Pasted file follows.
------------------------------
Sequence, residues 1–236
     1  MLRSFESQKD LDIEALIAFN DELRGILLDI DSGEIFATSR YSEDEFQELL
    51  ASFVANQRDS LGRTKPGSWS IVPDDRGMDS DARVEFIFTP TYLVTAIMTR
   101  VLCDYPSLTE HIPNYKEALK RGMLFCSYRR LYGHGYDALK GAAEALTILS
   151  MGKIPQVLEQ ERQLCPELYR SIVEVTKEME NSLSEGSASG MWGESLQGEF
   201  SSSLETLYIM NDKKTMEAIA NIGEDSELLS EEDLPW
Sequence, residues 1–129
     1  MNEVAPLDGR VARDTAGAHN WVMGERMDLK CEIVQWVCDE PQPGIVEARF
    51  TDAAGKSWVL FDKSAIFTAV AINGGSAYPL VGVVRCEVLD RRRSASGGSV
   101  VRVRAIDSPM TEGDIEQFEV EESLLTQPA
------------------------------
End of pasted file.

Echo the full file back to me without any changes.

Sequence, residues 1–236
     1  MLRSFESQKD LDIEALIAFN DELRGILLDI DSGEIFATSR YSEDEFQELL
    51  ASFVANQRDS LGRTKPGSWS IVPDDRGMDS DARVEFIFTP TYLVTAIMTR
   101  VLCDYPSLTE HIPNYKEALK RGMLFCSYRR LYGHGYDALK GAAEALTILS
   151  MGKIPQVLEQ ERQLCPELYR SIVEVTKEME NSLSEGSASG MWGESLQGEF
   201  SSSLETLYIM NDKKTMEAIA NIGEDSELLS EEDLPW
Sequence, residues 1–129
     1  MNEVAPLDGR VARDTAGAHN WVMGERMDLK CEIVQWVCDE PQPGIVEARF
    51  TDAAGKSWVL FDKSAIFTAV AINGGSAYPL VGVVRCEVLD RRRSASGGSV
   101  VRVRAIDSPM TEGDIEQFEV EESLLTQPA